This finding is related to the “long tail” P-40 variants. In August 1942 Curtiss decided to definitely resolve the directional problems of the “short-nose” P-40s. They extended their tail, adding an additional segment after station 16. It shifted the original “P-36 – like” fin and rudder back by about 20 inches. This modification was introduced to the Allison-powered P-40K-10, and to the Merlin-powered P-40F-20. (These two versions were produced in parallel).
Below you can see how these two tail variants are depicted in typical scale plans:
In the picture above I placed drawing of the P-40F-1 (“short tail”, in black) over the P-40F-20 (“long tail”, in red). As you can see, the tail is the only difference between these aircraft. Note the shape of the fuselage in the bottom view. In all scale plans of the long-tail variant that I saw, the width of the fuselage was wider than in the “short tail” version. These differences usually begin at station 12 and continue to the rudder.
In my previous post I “fitted” my model of the P-40B into modern photo of a restored aircraft. (Precise speaking, it was a photo of the P-40C, but there were no external differences between these two versions). In general, I used Blender camera object to “pose” the 3D model so in the camera frame it looks just like the aircraft depicted in the photo. One of the key information that I used for this “fitting” was the lens focal length used for making the reference photo. (Modern cameras save key technical parameters in the resulting image file). I could just read this length from the photo properties, write it to the corresponding Blender camera Focal Length property, and focus on determining the remaining unknowns: camera location and direction.
However, how to use the historical “analog” pictures for such a match? (For example – this original Curtiss photo of the Tomahawk IA from November 1940:)
This summer I was asked by some readers for making a tutorial on my photo-matching method. This method allowed me to recreate the shapes of various historical aircraft with greater precision than the classic scale plans. (For example – the Fokker D.V or SBD Dauntless). This is the first post on this subject (I decided to split this tutorial into two subsequent posts).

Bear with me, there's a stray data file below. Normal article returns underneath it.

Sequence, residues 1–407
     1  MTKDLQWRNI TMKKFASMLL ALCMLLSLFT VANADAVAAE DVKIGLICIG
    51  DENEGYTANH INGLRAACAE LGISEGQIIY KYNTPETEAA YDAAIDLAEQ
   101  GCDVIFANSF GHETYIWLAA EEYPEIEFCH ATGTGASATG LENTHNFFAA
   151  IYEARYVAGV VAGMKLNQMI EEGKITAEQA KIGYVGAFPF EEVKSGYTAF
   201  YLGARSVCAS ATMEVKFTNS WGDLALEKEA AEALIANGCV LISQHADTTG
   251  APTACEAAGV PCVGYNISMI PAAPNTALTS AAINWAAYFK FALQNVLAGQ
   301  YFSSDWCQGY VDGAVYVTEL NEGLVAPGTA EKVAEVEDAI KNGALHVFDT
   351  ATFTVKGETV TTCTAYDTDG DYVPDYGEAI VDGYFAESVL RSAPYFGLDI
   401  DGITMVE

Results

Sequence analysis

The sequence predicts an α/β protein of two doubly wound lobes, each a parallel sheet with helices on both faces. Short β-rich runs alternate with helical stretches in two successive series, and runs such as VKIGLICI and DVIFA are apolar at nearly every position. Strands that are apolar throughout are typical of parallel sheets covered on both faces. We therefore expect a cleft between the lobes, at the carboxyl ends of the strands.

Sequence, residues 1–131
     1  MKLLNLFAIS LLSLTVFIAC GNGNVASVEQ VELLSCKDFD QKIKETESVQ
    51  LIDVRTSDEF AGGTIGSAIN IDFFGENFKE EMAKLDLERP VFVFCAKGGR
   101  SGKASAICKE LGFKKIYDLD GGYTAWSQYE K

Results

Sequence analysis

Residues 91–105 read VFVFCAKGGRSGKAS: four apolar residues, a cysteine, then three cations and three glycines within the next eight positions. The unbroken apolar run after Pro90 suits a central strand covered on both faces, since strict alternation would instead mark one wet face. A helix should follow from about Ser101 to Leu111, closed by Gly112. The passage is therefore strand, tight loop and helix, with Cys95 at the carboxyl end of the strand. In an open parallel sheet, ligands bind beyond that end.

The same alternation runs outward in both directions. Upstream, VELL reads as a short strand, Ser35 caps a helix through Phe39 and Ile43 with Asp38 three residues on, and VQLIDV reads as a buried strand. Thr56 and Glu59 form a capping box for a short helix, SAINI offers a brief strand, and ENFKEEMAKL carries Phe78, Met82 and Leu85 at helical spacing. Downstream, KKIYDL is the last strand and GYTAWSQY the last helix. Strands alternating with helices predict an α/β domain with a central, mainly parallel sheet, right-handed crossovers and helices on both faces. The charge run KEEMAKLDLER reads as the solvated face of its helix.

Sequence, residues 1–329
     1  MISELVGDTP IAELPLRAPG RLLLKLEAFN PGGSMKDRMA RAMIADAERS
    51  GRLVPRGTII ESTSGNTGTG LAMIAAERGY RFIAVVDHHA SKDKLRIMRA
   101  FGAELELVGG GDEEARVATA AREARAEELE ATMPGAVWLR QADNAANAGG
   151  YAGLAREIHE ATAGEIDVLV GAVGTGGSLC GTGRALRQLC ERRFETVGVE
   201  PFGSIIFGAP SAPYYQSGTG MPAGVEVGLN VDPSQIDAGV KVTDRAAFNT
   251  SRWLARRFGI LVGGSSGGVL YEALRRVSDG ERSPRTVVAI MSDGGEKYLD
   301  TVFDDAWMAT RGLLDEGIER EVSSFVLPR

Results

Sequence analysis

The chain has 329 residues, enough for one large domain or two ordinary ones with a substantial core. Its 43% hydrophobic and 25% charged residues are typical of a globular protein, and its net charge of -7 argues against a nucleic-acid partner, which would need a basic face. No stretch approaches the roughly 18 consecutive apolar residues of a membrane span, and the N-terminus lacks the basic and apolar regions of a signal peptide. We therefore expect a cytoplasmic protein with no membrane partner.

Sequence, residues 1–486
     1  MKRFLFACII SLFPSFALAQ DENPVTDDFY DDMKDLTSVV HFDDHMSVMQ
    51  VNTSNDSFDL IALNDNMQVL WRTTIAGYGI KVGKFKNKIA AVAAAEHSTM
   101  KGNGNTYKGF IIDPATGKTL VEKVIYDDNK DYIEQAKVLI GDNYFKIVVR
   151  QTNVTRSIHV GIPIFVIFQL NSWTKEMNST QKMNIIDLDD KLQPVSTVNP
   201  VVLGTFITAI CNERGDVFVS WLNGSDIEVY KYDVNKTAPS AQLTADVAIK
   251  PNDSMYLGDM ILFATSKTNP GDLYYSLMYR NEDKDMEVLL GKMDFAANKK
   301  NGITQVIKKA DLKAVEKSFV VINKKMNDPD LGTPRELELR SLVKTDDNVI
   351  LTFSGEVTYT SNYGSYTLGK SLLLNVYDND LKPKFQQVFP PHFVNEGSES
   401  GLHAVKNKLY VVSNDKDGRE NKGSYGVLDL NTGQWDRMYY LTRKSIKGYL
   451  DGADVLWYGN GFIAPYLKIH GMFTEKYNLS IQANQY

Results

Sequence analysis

The goal of the photo matching is to set up in your 3D environment a photo as the precise reference image (a more reliable equivalent to the scale plans). You can then use such a photo to verify, correct, and enhance the initial version of your 3D model. To begin, you need:
Initial 3D model. First you have to prepare an initial 3D model of the aircraft. You can do it in the classic way, using available scale plans and photos. This first approximation of the real aircraft does not have to be too detailed – prepare just the fuselage, wings and empennage. Eventually you can also add simplified landing gear (placing plain cylinders in place of its oleo struts) and the propeller blades;
High-resolution photo. Ideal reference photo should be detailed and free of barrel or pincushion distortions (i.e. it should depict the aircraft in a pure perspective projection). Of course, in practice such an ideal is not possible, but I will give you some hints how to identify a good candidate for the reference photo;
I built my models and matched them to the photos in Blender 3D program. In this post I am using Blender 2.80 (this is the actual version). I assume that the Reader knows the basics of Blender environment, in particular its UI and the navigation in 3D scene (“3D View” window). However, sometimes in this post I will describe some details of Blender commands that are obvious to its regular users. In this way I just want to minimize the risk that eventual Reader will “get stuck” in the middle of the described process.